I have a function $f: \mathbb{D} \rightarrow \{0,1\}$ where $\mathbb{D} \in \mathbb{R}^{5000}$.

I would like to approximate $f$ using a decision tree.

Up to now I have only found literature in the context of machine learning, where $f$ is unknown, some samples $(x_i,\ y_i=f(x_i) + \mathrm{noise})$ are available and $f$ is estimated using a decision tree. That is a learning problem.

In my case I have a known (non trivial) expression for $f$ and I want to obtain the shortest binary decision tree for an arbitrarily good approximation (up to a specific error $\epsilon$). This seem to be a different problem than the learning problem (for instance, there is no regularization term to ensure generalization).

I suspect this problem to "hard". I assume some literature must exist on "no guarantees, greedy approaches" or similar, but I have not be able to find any.

Could any of you point me out some paper or book referring to this problem ?

Thanks for you answers.

  • 2
    $\begingroup$ This is not so different from learning, as one could generate samples from the function and use a learning algorithm to "learn" a tree from the samples (you don't even need to add noise). Unfortunately, nobody knows how to learn decision trees (even without noise), but it is not suspected to be "hard." Of course, if you have an expression for $f$, then you might do better, but I suspect it depends on what $f$ is: is it a polynomial, etc.? $\endgroup$
    – Lev Reyzin
    Jul 13, 2011 at 23:32
  • 1
    $\begingroup$ Why did you decide to use decision trees for that problem ? What kind of function do you want to approximate ? Regards. $\endgroup$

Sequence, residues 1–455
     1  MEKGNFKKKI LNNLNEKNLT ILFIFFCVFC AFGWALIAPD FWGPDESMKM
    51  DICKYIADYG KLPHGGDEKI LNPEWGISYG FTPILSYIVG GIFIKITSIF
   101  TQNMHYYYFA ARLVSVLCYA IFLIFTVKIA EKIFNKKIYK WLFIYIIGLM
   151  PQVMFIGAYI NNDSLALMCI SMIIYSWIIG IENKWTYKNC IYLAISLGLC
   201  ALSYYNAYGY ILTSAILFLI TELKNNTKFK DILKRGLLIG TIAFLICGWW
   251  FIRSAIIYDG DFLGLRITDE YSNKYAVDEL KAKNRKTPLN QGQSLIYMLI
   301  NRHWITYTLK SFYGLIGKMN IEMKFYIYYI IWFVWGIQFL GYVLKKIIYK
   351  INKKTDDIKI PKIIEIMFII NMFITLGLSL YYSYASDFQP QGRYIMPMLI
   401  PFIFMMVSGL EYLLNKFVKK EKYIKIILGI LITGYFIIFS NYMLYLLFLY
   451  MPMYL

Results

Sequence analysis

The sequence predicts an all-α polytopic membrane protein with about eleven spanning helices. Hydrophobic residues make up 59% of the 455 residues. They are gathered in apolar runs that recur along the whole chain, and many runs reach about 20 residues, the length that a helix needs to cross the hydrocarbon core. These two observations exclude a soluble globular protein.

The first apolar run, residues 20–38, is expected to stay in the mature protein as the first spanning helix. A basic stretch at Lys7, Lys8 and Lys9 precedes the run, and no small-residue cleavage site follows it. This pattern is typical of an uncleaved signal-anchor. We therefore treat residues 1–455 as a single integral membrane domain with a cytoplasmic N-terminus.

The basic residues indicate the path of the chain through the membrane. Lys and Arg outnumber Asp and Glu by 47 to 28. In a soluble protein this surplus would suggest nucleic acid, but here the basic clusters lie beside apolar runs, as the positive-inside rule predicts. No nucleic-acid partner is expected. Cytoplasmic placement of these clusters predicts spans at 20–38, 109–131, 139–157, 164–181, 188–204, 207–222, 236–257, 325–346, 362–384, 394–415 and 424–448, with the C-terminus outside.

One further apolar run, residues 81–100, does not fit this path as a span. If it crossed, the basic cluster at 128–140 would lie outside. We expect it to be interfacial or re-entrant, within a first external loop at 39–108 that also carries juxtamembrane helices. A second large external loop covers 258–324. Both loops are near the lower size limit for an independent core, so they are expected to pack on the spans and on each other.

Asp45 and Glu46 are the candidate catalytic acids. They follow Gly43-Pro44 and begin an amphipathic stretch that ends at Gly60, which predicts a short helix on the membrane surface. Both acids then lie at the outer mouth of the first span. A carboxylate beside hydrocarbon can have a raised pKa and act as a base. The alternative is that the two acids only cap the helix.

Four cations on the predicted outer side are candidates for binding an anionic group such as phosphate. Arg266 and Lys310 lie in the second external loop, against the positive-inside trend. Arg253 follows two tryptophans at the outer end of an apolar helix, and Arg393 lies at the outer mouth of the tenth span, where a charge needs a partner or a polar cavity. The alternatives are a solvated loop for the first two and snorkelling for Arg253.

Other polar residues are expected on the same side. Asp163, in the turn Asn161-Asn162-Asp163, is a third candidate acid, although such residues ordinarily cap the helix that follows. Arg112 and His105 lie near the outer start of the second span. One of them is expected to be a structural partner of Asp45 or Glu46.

– user5905
    Jul 14, 2011 at 11:12
  • $\begingroup$ in my case $f$ is either a linear function, or more commonly a non-linear svm (rbf, min kernel, etc.) $\endgroup$
    – rodrigob
    Jul 14, 2011 at 12:21
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    $\begingroup$ the goal to is be able to evaluate $f$ "very fast" in the most common cases and only evaluate the "slow $f$" in the cases nearby the boundaries (hard, uncommon cases). Decision trees are fast to evaluate and can approximate any function, so they seem like good candidates. $\endgroup$
    – rodrigob
    Jul 14, 2011 at 12:22

2 Answers 2


For bitstring to boolean functions, people usually build binary decision diagrams instead of decision trees to represent functions compactly. If you want to find a small BDD and are willing to sacrifice correctness on a few inputs (as your question implies) then you might want to look into approximate BDDs as studied in the following two papers:

Hinsberger, U., Kolla, R., and Kunjan, T. [1997] "Approximative Representation of boolean Functions by size controllable ROBDD's"

Ravi, K., McMillan, K.L., Shiple, T.R., and Somenzi, F. [1998] "Approximation and decomposition of binary decision diagrams"

I am not sure if there is work that generalizes this for $\mathbb{R}^d \supset \mathbb{D} \rightarrow \{0,1\}$ functions, but I would use those papers as a starting point and do a forward-reference search.


In general you could look in basis-expansion approaches like fourier or wavelets. Choose a balance between number of basis functions and approximation error. For boundaries some more effort might be needed. FFT is quite fast too compute nowadays. However, there is no guarantee about speed since you need to evaluate all the basis used.

  • $\begingroup$ Not sure how fast is an FFT in a 5000 dimensional space... $\endgroup$
    – rodrigob
    Jul 15, 2011 at 7:11

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